Kameʻeiamoku (died 1802) was a Hawaiian high chief and the Counselor of State to King Kamehameha I. He was called Kamehameha's uncle, but he was really the cousin of Kamehameha's mother, Kekuiapoiwa II.

Royal Coat of Arms of the Kingdom of Hawaii.svg
On the right is Kameʻeiamoku
Puʻuki, Lahaina, Maui
Kahikoloa of Kauaʻi
Ulumāheihei Hoapili

Birth and ancestryEdit

Along with his twin brother Kamanawa, Kameʻeiamoku's parents were the keiki aliʻi (prince or child of a chief[1]), Keawepoepoe and Kanoena (w). As the son of Kalanikauleleiaiwi and Lonoikahaupu, monarch's of several kingdoms between them, Keawepoepoe was an aliʻi (noble) of Hawaii, Maui, Oahu and Kauai.[2] As well being an aliʻi nui (great king or supreme monarch) Lonoikahaupu was a kahuna (priest) of the order of Lono (order of Nahulu or Holoa'e), one of two priestly orders, Kū (Kuali'i or Kauali'i) being the other.[3] Through this union Keawepoepoe received the kapu o pahenakalani (the prostrating kapu) which is how the Hawaii aliʻi received the kapu (a religious code of conduct) called the kapu moe.[2]

Fornander identifies their mother, Kanoena, as the daughter of Lonoanahulu from the Ehu ohana (family).[4] Almira Hollander Pitman refers to Kanoena in 1931 as Keawepoepoe's cousin.[5] However, in the Hawaiian Genealogy book volume 44: "Eia ka lani ke koi pae moku ka lauhulu paoki o ka aina", it shows Lonoanahulu marrying Hikuakanaloauuoo and having Manohili who marries Halao, which is the couple that has Kanoena. That would make Lonoanahulua Kanoena's grandfather.[6] Kamakau lists Mano-hili as one of the men who assisted Kameʻeiamoku in his attack on the Fair American.[7] Fornander also refers to Lonoanahulu, along with the Kameʻeiamoku and Kamanawa in regards to lands passed down to them from Liloa;

"Liloa, [king of Hawaii], gave Kekaha in Kona, Hawaii, to Laeanuikekaumanamana in perpetuity, and it descended to his grandchildren through Kualii, Kauluoaonana, Wahulu, Lonoanahulu, etc. to Kameeiamoku and Kamanawa. Umi likewise gave Kapalilua, in South Kona, to his child Kapunanahuanui-a-Umi, from whom it descended through Ua, Iwikaualii, lama to Keeaumoku".[8]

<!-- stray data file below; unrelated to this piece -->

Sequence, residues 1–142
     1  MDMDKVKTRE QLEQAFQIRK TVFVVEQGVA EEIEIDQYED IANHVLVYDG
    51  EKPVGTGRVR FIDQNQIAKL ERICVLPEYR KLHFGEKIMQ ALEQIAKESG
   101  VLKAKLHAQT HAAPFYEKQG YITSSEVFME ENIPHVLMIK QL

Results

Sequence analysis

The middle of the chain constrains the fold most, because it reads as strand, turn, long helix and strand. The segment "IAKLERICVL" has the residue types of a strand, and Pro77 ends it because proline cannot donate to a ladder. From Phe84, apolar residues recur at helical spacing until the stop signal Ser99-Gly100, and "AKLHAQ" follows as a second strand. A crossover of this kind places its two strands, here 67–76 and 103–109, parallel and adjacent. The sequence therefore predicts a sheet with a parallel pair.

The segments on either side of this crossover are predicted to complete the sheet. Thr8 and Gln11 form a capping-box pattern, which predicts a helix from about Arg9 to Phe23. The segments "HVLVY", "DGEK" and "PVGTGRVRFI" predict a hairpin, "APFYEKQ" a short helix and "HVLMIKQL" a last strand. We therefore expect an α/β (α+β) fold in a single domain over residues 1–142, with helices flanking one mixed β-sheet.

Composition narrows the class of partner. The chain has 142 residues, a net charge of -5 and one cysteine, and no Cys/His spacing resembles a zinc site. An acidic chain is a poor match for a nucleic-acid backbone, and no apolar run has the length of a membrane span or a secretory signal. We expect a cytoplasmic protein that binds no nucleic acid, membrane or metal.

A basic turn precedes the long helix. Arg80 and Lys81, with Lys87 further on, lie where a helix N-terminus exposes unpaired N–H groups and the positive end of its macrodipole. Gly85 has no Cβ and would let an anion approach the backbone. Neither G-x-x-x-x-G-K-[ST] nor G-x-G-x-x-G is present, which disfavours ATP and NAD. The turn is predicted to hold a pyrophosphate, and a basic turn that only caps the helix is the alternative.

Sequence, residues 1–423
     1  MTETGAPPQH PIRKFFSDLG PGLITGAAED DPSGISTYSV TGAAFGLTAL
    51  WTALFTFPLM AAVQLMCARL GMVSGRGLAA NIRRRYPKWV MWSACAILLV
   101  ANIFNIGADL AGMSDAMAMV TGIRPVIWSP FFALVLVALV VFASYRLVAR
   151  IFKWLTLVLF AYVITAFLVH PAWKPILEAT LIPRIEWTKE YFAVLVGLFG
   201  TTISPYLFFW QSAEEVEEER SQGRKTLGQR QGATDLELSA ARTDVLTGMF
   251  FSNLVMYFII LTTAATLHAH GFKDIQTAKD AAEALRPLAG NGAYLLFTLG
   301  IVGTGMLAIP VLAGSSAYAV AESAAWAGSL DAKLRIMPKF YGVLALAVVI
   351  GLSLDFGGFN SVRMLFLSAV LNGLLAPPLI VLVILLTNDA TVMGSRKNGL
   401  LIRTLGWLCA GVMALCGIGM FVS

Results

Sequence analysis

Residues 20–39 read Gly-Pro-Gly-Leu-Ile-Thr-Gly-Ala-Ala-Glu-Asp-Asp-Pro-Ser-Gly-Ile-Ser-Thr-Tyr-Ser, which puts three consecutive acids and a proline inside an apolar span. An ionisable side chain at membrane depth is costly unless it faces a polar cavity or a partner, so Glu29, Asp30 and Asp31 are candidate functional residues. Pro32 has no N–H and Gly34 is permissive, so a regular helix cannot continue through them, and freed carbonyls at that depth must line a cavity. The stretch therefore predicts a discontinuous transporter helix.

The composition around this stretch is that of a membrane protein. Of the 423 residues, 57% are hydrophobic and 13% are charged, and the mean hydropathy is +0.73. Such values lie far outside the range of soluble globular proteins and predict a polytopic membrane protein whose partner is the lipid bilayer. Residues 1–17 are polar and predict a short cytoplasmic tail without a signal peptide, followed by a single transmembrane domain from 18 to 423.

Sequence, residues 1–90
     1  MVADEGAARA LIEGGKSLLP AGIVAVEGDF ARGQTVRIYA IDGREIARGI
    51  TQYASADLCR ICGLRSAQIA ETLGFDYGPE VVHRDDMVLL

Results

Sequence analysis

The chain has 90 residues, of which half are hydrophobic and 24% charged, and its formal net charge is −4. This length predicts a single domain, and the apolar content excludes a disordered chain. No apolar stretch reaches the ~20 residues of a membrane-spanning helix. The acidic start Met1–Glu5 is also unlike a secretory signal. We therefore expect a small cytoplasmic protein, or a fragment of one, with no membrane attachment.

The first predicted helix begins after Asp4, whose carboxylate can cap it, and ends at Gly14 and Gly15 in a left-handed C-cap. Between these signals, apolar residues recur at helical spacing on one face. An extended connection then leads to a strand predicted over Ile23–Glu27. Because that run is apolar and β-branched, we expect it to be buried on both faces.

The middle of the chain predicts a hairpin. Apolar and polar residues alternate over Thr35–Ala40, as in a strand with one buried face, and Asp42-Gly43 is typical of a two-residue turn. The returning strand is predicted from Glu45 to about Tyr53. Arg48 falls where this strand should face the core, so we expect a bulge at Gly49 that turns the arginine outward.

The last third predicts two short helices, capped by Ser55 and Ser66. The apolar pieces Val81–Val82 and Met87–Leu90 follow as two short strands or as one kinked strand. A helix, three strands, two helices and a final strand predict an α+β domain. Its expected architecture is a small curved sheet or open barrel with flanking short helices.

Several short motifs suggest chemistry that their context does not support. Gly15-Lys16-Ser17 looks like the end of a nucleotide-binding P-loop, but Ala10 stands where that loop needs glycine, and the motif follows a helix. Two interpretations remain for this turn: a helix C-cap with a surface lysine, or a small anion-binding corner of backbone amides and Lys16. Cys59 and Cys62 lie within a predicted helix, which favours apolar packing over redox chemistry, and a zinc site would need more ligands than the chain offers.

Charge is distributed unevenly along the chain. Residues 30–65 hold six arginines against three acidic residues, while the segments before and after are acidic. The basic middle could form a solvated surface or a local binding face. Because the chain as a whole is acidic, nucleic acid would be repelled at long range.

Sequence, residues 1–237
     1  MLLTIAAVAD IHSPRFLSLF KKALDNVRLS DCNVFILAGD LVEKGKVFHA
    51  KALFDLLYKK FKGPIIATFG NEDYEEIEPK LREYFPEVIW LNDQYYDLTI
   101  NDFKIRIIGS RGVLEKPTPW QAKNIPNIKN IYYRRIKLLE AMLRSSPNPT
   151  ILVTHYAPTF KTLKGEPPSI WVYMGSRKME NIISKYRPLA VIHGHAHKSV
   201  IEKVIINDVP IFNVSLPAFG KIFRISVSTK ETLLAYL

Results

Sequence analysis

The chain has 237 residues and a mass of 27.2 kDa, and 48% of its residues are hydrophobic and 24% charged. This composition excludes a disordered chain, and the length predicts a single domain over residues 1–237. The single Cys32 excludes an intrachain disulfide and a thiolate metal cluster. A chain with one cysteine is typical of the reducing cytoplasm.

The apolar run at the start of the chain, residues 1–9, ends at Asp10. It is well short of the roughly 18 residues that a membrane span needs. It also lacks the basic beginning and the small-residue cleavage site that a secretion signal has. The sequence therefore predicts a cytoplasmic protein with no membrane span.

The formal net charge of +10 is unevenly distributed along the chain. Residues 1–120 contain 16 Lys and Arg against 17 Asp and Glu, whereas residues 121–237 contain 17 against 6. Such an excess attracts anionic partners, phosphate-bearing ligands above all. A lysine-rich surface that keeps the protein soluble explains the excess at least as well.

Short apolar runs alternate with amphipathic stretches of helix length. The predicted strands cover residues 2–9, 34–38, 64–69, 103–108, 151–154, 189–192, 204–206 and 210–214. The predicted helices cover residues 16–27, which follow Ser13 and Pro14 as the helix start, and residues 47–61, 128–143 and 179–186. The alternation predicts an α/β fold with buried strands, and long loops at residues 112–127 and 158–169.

The Metcalfes, the Eleanora and the Fair AmericanEdit

In 1790, the American maritime fur trader Simon Metcalfe of the ship Eleanora mistreated Kameʻeiamoku when he boarded his ship. Metcalfe later fired his cannons on the villagers of Olowalu, killing about one hundred. In retaliation, Kameʻeiamoku attacked the next American ship to appear, the schooner Fair American, under the command of Thomas Humphrey Metcalfe, the son of Simon Metcalfe. All but one of the schooner's crew was killed, including Thomas Humphrey Metcalfe. The lone survivor was Welsh sailor Isaac Davis. Another sailor from the Eleanora, Englishman John Young, was sent ashore to find out what happened, and was also captured. Davis and Young would both become military advisors and translators for Kamehameha.[9]

Kameʻeiamoku participated in negotiating a treaty in February 1795 with George Vancouver for British support of Kamehameha.[10]

Kamehameha and the unification of the islandsEdit

Kameʻeiamoku and his twin Kamanawa were among the four great aliʻi warriors of Kona to support Kamehameha I in his rebellion against his cousin Kīwalaʻō; the other two being their half brother Keʻeaumoku Pāpaʻiahiahi, and Keawe-a-Heulu.[11] These were known as the "Four Kona chiefs".[12] They, along with Kamehameha's kumu (teacher) of Kapu Kuialua named Kekūhaupiʻo, were the center of the war council for Kamehameha when he took power in the battle of Mokuʻōhai in 1782, which strengthened his influence.